Disney Animal Kingdom Explorers mixes hidden object gameplay and wildlife education on Facebook

Disney Playdom looks for a second Gardens of Time-style success in the next few weeks with Disney Animal Kingdom Explorers, a Facebook hidden object game based on the Florida theme park of the same name.

Eric Todd, VP of product and creative director, and Lead Producer Patrick Hsieh walked Inside Social Games through a demo of the game. Developed by Disney’s Studio 24, Animal Kingdom Explorers is billed as a spiritual successor to Gardens of Time (which Studio 24 also created), though it very obviously has little in common with Gardens of Time spin-off Blackwood & Bell. The new game’s story will follow players as they join the Global Wildlife Research Team, visit locations around the globe and work with different nature specialists. Each nature scene contains animals to sort through and identify, as opposed to random items. Todd explained that players enjoyed learning about history in Gardens of Time, and so Disney Animal Kingdom Explorers will use the same kinds of techniques — like lists of animals’ names and pop-up facts —  to teach nature trivia.

Playing the demo for ourselves on Facebook reveals additional animal lessons hidden within Animal Kingdom Explorers. Players are given a list of animals to identify at the bottom of the screen, ranging from well-known creatures like chimpanzees to obscure critters like okapi. Puzzle tools include the usual magnifying glass and goggles, plus a a thermometer that indicates how “hot” or “cold” the mouse is to listed animals — which comes in handy if the player doesn’t know what an animal looks like.

Disney Animal Kingdom Explorers also includes a version of the garden decoration feature from Gardens of Time. Players build a nature preserve around the Tree of Life, the iconic centerpiece of the real world Animal Kingdom park. The screens that Todd and Hsieh presented included a wide variety of plants, animals and structures to place, though there was also a nod to Disney animation with Pride Rock from the Lion King on display. The preserve also generates bonuses when players put animals in environments they would normally be in, such as giraffes appearing next to the acacia trees from which they eat.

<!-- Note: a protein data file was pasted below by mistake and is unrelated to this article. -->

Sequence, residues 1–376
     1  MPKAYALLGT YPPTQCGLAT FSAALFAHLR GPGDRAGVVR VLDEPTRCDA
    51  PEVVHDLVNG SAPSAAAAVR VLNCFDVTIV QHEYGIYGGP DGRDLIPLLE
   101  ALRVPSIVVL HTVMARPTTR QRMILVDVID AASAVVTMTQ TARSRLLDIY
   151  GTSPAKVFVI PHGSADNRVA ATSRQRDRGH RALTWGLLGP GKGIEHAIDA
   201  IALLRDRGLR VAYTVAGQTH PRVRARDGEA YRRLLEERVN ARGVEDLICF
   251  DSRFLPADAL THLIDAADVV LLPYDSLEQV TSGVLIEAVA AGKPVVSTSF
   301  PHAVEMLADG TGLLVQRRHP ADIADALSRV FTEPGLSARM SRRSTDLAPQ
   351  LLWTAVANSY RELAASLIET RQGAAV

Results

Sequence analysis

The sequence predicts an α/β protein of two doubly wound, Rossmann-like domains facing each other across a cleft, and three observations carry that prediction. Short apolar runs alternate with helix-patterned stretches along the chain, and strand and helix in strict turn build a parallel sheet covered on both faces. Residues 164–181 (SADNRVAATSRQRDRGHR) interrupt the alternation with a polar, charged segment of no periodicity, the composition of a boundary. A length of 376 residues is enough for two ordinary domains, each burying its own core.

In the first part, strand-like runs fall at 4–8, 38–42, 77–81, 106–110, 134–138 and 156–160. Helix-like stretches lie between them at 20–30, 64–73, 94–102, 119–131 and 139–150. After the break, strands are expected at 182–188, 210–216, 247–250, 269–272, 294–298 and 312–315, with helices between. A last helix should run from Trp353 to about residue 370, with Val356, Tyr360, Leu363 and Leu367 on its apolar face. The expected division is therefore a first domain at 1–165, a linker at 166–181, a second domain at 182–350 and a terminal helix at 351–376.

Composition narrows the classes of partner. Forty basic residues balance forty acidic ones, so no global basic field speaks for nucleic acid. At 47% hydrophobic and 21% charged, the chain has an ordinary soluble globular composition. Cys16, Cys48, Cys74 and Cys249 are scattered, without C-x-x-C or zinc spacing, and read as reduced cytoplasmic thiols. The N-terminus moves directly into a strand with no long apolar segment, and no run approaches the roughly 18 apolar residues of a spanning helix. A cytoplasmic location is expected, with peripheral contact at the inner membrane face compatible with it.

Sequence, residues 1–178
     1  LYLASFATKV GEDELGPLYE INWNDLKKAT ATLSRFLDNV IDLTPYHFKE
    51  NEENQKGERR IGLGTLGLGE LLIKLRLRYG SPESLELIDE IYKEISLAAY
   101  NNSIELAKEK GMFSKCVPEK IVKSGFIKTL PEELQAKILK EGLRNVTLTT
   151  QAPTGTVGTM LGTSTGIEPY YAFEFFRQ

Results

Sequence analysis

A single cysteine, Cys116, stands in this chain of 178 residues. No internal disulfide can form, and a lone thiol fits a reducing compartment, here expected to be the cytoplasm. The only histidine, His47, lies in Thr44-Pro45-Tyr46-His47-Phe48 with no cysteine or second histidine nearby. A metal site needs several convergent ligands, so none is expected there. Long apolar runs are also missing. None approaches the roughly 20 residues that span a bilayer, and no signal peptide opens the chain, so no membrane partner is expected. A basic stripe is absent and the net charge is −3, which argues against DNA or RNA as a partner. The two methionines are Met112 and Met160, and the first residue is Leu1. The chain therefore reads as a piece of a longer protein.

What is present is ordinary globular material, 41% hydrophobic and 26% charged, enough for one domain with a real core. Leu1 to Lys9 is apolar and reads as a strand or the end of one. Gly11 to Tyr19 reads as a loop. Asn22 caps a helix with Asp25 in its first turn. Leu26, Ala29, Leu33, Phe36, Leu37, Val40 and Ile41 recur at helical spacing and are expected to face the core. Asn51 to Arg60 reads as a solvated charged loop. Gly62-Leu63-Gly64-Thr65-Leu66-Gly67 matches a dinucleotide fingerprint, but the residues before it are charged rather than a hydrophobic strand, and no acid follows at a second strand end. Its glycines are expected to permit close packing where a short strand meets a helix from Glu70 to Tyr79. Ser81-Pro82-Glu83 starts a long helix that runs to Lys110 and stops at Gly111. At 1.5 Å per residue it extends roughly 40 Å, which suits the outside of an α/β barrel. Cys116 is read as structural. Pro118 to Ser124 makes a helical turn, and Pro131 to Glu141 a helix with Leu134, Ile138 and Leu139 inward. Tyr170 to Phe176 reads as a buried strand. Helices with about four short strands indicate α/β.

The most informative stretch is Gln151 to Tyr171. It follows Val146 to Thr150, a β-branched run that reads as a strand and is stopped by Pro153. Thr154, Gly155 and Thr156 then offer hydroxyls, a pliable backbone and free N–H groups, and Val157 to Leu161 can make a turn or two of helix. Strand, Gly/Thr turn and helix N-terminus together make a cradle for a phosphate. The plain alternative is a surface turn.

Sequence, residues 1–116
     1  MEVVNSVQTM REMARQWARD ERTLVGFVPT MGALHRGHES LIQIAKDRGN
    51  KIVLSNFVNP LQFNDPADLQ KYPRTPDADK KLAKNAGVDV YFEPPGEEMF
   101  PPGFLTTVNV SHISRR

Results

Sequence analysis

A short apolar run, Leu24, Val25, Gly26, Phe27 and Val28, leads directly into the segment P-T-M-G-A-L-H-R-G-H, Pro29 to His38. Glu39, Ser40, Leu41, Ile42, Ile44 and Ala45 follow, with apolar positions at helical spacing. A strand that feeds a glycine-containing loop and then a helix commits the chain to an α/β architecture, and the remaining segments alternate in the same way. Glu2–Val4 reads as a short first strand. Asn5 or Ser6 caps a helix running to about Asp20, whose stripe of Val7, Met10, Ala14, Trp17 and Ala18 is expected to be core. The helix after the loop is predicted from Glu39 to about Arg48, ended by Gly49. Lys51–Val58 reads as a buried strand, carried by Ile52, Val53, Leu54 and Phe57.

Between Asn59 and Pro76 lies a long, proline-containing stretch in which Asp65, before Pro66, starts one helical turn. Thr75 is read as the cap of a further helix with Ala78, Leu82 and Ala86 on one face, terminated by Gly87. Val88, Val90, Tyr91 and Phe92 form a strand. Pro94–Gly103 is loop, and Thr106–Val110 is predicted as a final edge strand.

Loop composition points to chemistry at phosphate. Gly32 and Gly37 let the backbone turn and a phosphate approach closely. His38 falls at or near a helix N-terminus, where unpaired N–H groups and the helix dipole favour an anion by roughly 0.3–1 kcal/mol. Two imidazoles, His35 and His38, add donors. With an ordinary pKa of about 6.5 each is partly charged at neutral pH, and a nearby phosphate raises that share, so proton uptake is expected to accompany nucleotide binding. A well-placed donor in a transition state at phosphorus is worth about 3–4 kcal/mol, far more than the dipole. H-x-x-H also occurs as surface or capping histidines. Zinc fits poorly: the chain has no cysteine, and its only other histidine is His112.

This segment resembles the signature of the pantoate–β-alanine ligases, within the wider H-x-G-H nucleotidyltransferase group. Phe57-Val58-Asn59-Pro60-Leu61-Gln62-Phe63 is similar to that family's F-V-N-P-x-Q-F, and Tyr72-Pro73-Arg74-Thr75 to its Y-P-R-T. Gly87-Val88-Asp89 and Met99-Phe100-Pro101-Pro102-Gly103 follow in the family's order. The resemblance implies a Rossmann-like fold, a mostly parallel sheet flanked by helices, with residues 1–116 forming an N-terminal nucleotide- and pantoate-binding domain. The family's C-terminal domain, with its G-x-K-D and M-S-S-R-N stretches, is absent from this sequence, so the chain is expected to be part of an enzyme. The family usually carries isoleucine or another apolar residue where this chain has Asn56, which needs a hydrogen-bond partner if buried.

Although the Disney Animal Kingdom Explorers loading screen logo includes a dragon and a triceratops, Hsieh stated that only real world animals will appear in the game for the time being. He noted that fantastical elements and creatures may be included later on, citing how Tibetan yetis were known to be “real” for hundreds of years before becoming a part of modern day cryptozoological lore.

Hsieh also pointed out that players might occasionally see characters such as Mickey and Minnie Mouse wandering through their preserves from time to time. We’ve seen Playdom implementing Disney branding to great effect in GnomeTown and ESPN Facebook games, but this is the first Facebook game that we know of to feature Disney’s most sacred mascot.

Even without the Disney name at launch, however, Gardens of Time sets the bar high for Animal Kingdom Explorers. The game hit peaks of 17 million monthly active users and 4 million daily active users since its April 2011 launch, it currently brings in 6.4 million MAU and 1.4 million DAU. Whether or not Animal Kingdom Explorers is able to see similar success remains to be seen, but the game certainly looks like it’s got the potential thanks to the elements that made its predecessor so popular.